As a former auditor, I often heard the question “Is my business at risk?” The short answer was (and still is) “Yes.” That said - several factors can influence the chance of you being audited...
How Businesses Are Selected for Audit
First of all, realize that taxing jurisdictions need to have auditors pay for themselves. Therefore, the audit division will generally strive to identify businesses that have high risk or potential for assessments in order to generate a “profit.”
For three or four years while I was with the California Board of Equalization (back in the 1990's), I was responsible for selecting the accounts to be audited by our local office in the coming fiscal year. I’m sure the methods have changed somewhat, but the underlying logic remains the same today. A recent quote from the BOE states, “The program audits nearly one percent of active master accounts each year, concentrating on those considered most likely to be inaccurate in their tax reporting.”
But that begs the question of who is “considered most likely to be inaccurate in their tax reporting.” That question is answered by looking at:
- the industry involved;
- any past audit history for the business;
- the amount of total sales being reported;
- the amount of exempt sales being claimed;
- the ratio of exempt sales to total sales; and
- where the business is located.
Most of these factors are self evident. Companies with a history of “productive” audits (tax found exceeds the cost to find it) will get audited until they get their act together. Larger companies with high amount of sales, and those reporting a high amount of exempt sales as an absolute value, are obviously targeted more than companies with small sales volume or no exempt sales (the latter is why, even though the standard requirement is to report "total sales," some businesses net out their exempt sales and report only those which they taxed). A ratio of exempt to total sales will also raise a flag, especially if that ratio is out of line for the industry in general.
But let’s take a closer look at the other two factors.
The Industry Involved
The industry type can be “inaccurate in their reporting” in two ways. One is based purely on how the industry operates. Bars, restaurants, grocery and liquor stores are all cash-based businesses. And cash has a way of getting “lost,” so it is not uncommon for the sales behind that cash to not get reported.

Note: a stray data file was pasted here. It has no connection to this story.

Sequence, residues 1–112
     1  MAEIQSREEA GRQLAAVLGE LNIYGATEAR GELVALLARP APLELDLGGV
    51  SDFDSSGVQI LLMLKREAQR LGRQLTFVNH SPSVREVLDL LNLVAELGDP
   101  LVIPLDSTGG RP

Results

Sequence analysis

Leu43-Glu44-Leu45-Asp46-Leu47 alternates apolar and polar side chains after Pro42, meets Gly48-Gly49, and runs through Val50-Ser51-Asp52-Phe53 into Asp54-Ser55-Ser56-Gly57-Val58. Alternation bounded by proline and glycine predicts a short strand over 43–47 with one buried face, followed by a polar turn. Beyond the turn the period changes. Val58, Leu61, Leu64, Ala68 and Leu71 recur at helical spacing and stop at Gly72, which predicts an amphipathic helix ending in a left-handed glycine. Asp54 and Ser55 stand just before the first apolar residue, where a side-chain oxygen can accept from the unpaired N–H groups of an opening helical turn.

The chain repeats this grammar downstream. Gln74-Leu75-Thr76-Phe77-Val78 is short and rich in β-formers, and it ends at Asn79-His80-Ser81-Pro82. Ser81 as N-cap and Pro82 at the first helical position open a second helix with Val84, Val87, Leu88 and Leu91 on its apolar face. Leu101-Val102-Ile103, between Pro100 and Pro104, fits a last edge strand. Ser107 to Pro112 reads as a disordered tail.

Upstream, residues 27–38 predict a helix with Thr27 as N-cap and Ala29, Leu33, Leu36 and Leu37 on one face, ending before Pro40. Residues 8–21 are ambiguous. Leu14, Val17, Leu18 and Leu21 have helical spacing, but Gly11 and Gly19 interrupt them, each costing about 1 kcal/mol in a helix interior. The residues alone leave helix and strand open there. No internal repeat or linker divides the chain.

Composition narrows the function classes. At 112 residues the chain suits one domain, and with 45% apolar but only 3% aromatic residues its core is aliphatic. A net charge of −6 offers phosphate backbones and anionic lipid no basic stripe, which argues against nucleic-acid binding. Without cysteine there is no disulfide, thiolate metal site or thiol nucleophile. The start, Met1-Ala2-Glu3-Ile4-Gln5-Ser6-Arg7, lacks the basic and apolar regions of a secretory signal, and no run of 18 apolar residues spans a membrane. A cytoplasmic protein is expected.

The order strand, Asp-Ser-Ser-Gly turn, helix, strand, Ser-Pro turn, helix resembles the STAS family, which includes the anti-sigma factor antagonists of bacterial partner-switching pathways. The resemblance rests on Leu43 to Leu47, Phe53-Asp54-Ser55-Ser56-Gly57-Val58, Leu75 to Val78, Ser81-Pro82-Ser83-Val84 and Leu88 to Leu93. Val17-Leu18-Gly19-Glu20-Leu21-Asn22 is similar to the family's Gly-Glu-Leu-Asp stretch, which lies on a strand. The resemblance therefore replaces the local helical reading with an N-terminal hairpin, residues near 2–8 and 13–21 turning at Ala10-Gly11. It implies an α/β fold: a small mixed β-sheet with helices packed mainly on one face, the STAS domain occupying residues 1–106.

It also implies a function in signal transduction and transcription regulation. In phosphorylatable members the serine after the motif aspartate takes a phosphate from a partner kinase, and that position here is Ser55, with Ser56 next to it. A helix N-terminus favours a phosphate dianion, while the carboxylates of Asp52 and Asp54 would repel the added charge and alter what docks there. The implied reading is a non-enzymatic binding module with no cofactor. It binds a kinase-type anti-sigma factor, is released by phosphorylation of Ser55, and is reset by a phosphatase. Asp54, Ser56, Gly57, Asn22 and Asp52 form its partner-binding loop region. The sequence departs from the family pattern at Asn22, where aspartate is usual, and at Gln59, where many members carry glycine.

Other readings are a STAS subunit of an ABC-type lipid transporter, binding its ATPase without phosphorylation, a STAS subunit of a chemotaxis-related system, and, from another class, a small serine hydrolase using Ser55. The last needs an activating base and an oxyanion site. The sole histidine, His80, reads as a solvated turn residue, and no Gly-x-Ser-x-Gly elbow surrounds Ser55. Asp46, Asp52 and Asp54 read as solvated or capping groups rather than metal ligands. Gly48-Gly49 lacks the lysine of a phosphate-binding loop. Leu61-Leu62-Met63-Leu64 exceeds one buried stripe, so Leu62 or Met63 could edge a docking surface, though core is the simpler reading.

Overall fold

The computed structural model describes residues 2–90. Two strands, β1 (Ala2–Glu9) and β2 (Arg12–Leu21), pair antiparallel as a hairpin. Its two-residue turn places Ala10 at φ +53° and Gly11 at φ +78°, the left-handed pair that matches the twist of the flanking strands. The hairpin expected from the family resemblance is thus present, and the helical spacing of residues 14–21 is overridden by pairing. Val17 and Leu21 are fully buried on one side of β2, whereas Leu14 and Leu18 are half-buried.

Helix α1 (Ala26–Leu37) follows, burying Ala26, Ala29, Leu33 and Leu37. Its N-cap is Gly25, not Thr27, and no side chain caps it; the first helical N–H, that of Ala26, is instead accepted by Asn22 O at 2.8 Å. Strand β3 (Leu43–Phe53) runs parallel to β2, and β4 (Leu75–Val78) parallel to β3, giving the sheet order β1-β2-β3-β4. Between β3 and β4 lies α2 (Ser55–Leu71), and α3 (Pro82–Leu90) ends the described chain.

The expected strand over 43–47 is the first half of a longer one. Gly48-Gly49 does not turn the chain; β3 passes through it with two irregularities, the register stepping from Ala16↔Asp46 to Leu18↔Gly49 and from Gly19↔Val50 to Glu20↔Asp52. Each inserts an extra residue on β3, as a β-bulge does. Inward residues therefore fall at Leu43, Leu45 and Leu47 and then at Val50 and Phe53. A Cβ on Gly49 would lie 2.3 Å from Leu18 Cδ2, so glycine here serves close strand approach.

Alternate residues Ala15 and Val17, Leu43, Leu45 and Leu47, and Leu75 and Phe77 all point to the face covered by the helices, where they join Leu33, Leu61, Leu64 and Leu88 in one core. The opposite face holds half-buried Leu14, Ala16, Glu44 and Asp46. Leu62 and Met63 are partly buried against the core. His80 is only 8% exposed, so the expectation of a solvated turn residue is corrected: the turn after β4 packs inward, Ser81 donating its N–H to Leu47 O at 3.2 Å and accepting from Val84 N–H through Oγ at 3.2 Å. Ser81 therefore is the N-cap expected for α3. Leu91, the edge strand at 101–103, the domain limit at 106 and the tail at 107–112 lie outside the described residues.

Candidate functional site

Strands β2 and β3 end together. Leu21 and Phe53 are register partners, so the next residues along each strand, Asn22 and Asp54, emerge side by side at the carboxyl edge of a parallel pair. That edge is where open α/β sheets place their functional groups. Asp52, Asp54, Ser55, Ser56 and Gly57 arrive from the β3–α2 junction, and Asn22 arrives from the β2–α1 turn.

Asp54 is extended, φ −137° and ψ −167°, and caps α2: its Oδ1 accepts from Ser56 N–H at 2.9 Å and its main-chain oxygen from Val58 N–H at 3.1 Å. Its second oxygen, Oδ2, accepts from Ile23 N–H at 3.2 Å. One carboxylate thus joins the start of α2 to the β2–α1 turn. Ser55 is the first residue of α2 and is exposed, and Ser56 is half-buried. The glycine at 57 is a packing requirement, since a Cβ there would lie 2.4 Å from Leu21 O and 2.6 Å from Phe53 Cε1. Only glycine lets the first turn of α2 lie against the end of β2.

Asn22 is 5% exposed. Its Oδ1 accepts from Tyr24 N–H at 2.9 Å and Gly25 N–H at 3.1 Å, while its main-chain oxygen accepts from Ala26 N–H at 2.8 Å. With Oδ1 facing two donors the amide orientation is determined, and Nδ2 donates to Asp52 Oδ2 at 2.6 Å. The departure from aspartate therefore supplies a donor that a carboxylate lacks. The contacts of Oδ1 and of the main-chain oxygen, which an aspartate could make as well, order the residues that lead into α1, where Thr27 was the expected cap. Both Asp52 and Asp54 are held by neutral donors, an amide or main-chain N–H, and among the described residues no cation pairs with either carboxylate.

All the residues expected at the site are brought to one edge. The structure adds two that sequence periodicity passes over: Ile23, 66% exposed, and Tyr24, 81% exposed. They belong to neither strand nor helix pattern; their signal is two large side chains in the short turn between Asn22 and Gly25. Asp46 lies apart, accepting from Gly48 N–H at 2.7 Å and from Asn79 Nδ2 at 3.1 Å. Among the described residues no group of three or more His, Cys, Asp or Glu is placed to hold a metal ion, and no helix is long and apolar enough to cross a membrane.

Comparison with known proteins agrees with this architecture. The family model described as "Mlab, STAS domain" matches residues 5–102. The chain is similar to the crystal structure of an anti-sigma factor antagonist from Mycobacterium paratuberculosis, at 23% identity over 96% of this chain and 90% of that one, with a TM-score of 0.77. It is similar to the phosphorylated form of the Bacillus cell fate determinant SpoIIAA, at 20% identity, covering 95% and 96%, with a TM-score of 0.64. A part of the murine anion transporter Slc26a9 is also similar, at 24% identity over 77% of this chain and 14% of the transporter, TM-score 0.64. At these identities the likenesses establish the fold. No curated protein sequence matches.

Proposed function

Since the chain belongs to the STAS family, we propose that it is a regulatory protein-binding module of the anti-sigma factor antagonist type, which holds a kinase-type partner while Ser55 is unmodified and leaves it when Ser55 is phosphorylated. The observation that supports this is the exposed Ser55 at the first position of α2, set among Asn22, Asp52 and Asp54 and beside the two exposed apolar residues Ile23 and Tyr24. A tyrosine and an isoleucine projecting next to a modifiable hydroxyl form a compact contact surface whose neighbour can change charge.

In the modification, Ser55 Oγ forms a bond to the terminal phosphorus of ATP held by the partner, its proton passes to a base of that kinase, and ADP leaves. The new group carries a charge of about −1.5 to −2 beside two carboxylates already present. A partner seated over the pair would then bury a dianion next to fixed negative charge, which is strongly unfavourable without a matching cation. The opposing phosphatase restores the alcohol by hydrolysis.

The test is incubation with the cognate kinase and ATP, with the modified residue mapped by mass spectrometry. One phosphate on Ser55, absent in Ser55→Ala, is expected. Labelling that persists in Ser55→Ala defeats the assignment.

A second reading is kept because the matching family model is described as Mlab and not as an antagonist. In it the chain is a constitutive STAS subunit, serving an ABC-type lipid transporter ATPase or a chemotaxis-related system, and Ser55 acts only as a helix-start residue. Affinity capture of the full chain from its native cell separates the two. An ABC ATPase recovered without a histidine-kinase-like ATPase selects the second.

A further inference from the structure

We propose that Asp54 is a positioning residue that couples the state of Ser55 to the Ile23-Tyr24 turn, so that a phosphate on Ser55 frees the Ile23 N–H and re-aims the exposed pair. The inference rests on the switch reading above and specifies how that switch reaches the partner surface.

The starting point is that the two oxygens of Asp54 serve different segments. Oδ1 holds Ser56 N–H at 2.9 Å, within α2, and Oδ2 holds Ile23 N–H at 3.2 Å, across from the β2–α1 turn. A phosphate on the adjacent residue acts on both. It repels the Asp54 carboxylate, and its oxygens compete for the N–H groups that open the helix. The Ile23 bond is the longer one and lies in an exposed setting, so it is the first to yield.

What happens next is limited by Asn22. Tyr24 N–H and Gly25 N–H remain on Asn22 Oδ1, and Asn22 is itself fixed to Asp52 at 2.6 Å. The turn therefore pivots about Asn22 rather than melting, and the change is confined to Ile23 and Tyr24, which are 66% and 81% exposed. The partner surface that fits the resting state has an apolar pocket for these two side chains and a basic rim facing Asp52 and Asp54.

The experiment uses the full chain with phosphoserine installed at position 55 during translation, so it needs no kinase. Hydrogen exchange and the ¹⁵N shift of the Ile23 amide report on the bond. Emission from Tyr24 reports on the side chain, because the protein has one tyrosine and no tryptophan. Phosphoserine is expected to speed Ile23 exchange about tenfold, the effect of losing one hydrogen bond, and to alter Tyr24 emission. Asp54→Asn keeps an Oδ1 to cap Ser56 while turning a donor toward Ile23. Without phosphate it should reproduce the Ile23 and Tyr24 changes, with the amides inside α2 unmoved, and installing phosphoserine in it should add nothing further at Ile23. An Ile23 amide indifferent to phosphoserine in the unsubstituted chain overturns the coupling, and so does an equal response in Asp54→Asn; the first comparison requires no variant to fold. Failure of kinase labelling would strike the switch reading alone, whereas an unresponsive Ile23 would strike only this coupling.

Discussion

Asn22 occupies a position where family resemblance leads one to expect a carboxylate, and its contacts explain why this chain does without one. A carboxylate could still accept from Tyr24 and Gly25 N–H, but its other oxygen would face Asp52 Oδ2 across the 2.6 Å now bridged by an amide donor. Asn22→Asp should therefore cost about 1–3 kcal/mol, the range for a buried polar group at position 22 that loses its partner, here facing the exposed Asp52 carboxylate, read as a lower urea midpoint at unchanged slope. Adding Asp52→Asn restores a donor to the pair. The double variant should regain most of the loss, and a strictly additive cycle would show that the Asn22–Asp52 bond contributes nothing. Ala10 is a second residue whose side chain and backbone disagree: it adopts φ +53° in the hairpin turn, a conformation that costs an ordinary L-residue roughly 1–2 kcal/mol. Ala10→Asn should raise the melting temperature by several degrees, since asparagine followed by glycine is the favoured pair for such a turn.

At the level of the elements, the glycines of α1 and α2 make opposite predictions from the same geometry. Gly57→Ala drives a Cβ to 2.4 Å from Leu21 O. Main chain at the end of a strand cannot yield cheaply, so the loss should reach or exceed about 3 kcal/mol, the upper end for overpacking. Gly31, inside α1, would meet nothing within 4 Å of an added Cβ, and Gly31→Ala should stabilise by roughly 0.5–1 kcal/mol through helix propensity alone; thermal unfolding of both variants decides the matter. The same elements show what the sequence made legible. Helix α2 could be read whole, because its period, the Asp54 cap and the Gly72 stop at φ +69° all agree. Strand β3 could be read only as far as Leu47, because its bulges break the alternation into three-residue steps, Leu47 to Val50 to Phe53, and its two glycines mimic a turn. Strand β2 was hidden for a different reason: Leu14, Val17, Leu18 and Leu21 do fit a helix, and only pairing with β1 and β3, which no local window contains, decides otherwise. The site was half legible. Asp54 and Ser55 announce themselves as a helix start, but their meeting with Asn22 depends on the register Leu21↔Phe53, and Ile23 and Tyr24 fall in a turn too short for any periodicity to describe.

The other way for an industry to be inaccurate is to simply not adhere to sales and use tax regulations. The main causes are lack of internal controls and not understanding the requirements. These factors most generally manifest themselves when it comes to supporting exempt sales and in reporting consumer’s use tax.
If gold is where you find it, then tax is where you look. Not only where, but how hard you have to look. Those cash-based businesses are relatively high potential audits, but the effort to find the tax can also be high. If you read my earlier blog about “mark up” audits, you will recall all the factors that must be considered when computing mark ups and that those factors are very fluid and difficult to tie down. So the effort may exceed the results.
In the 2009-2010 fiscal year (according to the CA BOE), the top three industries found to have large assessments in the state of California were:
- Manufacturers and wholesalers of store and office equipment;
- Publishers and Distributors of Light Industrial Equipment; and
- Producers and Distributors of Heavy Industrial Equipment.
This not a surprising result because the tax is easy to find. What these industries have in common is they all sell products that are easily accounted for, they sell to other businesses, they sell on credit, not cash, and they almost certainly have a straightforward sales invoicing system. In our computerized world, an auditor can easily get a data dump of sales in the audit period, confirm all sales are accounted for and easily pull a statistical sample of the non-taxed sales. Now the burden is on the taxpayer to support those sales. Any transactions left unsupported get extrapolated and voila, a productive audit.
Where the Business is Located
I don’t mean what part of town the business is in, but rather what town the business is in. For the best example, I again go back to the 1990’s. San Jose and the rest of “Silicon Valley” were in high gear with high tech start-ups flush with money. Brand new auditors could go out to one of them and easily find thousands of dollars in tax due on equipment purchased without tax.
At the same time, in a city like San Diego, where the major industries were tourism and the federal government, even reasonably senior auditors were assigned audits of the cash-based businesses because that’s what was available. So in terms of a liquor store being targeted for a sales tax audit, San Jose―good place (small chance); San Diego―bad place (large chance).
In summary, the profile of a business with a low chance of audit is a medium-sized cash-based business located in a city with a booming industry.
Other recent “Audits and Sales Tax” posts by Lloyd Geggatt:
- Software Audits for Buyers & Sellers – and the 3 Key Questions
- Luxury Audits: Empty Boxes Full of Champagne Wishes & Caviar Dreams
- Sales Tax Audits: Actual Basis Approach Can Result in "Win-Win".
- What Auditors Should Understand About Outsourced Sales Tax Returns
- Auditing Sales Tax Credits: An Auditor's Top 2 Considerations